• In the process of plugging in random numbers, sometimes the result is too high, sometimes too low, so he'll adjust accordingly. Sometimes he sees a pattern between 'too high' and 'too low' and adjusts with intent.
  • Just as I'm beginning my work, he announces the correct answer and makes me look stupid and slow.

The problem solving skill is called estimation, and the sub-skill is to recognize a problem that makes this technique the most expedient. Advanced concepts usually fit this category, and younger children have an advantage recognizing things they haven't learned versus an adult who has already learned the concept.

The second sub-skill is iterate and adjust. This takes some practice. A child will adjust the wrong way and make things worse and start to learn what adjusting is all about. In this case, starting with -1, 0, and 1 should point to an 'ah ha' moment because -1 works but the other's don't. A survey of the equation again (aka reread the question) shows why this is the case.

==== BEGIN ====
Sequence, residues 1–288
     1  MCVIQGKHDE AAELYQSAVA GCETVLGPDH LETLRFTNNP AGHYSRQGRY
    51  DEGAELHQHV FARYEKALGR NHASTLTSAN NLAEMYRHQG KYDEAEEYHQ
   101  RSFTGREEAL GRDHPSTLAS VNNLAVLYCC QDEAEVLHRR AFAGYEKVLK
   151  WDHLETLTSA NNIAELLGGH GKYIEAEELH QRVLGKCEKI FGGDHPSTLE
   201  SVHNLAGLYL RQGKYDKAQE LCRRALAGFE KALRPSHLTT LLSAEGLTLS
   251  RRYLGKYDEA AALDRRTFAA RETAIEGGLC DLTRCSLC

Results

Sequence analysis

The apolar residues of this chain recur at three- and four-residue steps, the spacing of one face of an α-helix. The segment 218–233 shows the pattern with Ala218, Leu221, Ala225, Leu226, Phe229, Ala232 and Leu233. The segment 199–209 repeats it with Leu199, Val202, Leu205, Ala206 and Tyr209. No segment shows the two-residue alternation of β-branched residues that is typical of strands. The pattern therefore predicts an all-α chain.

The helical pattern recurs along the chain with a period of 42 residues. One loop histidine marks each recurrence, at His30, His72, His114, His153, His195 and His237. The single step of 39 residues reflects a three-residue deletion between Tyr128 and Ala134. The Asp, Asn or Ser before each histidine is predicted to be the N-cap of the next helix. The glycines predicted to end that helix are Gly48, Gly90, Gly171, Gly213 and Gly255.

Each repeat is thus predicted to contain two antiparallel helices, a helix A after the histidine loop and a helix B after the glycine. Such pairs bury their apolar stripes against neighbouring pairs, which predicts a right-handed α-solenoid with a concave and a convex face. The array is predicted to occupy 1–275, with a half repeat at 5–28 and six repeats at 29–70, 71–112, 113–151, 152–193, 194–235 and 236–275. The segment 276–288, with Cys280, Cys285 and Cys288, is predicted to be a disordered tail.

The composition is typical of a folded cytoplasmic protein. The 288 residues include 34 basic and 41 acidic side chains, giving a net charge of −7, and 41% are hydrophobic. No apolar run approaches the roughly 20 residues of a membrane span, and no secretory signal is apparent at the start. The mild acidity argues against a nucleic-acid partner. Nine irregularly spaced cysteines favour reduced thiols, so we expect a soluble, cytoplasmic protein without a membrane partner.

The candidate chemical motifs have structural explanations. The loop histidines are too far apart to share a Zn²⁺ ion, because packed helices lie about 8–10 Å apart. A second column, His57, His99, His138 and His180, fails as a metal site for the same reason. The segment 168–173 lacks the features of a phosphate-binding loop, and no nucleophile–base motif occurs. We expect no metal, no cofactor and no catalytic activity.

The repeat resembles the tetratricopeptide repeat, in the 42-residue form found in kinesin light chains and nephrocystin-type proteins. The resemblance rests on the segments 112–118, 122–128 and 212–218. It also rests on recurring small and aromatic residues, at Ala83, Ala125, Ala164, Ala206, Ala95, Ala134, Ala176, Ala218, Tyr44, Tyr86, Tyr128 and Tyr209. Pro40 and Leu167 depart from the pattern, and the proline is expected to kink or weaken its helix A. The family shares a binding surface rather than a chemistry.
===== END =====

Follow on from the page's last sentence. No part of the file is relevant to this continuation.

An alternate approach

The acceptable approach is to spend some time understanding the equation under the heading 'read the question'. To understand how this equation works, one plugs in a few numbers to build a mental graph. Since this is a timed test, there are 3 numbers that need to be plugged in; any other number is usually wrong. These numbers are -1, 0, and 1. The correct numbers are the easiest to work with - thus small or trivial ones.

I'm OK with 1,2 and 3, provide it's followed by -1, 0, and 1, but 4 is definitely the wrong approach and results in a lecture. The little one always says 4 to buy some thinking time while I lecture him. I always fall for it.

In every problem we've seen so far, the numbers we plug in are very close to the answers. I think the test makers intentionally put a time waster like this on the test to give the advantage to kids who stop, think, and go through the Big Five problem solving techniques. 'Estimation' and 'Try An Easier Problem' are somewhat related on these problems.

The penalty box